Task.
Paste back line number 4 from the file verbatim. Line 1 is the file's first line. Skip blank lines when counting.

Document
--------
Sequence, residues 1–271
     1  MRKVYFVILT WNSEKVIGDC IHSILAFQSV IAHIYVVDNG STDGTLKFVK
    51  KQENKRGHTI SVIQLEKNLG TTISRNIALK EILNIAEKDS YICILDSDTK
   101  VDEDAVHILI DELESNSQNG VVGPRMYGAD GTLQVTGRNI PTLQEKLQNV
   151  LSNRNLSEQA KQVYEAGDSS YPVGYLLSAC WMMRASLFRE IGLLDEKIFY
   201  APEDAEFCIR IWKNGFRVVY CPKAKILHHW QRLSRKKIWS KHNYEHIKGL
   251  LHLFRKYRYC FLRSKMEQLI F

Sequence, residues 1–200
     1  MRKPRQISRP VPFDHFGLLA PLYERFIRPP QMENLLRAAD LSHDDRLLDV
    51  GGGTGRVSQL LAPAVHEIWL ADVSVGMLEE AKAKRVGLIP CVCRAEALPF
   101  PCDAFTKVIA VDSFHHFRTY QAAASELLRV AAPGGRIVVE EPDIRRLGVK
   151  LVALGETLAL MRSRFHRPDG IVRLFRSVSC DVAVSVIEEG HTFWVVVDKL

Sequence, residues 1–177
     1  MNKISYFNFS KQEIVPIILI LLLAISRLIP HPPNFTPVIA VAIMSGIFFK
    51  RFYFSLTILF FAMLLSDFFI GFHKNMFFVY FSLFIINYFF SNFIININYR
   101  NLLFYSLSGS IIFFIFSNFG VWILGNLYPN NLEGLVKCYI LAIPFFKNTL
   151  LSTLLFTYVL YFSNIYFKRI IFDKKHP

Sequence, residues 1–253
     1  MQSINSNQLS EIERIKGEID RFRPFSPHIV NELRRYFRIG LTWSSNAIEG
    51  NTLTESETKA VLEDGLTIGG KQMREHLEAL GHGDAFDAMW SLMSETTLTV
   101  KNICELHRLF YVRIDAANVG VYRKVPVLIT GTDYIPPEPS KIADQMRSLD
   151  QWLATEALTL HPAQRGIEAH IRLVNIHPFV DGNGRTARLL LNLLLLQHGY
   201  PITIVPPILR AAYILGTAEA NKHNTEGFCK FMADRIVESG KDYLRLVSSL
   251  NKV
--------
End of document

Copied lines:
   101  VDEDAVHILI DELESNSQNG VVGPRMYGAD GTLQVTGRNI PTLQEKLQNV